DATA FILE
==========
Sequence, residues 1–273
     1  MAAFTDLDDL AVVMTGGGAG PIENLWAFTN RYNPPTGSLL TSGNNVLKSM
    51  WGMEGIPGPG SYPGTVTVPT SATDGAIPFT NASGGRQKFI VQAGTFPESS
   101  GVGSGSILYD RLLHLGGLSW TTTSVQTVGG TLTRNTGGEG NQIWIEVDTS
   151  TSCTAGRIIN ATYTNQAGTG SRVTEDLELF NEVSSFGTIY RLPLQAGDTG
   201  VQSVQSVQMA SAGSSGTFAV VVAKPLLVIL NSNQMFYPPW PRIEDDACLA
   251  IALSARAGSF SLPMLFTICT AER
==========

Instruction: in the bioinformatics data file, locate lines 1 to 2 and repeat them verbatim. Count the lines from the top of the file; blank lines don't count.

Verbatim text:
Sequence, residues 1–273
     1  MAAFTDLDDL AVVMTGGGAG PIENLWAFTN RYNPPTGSLL TSGNNVLKSM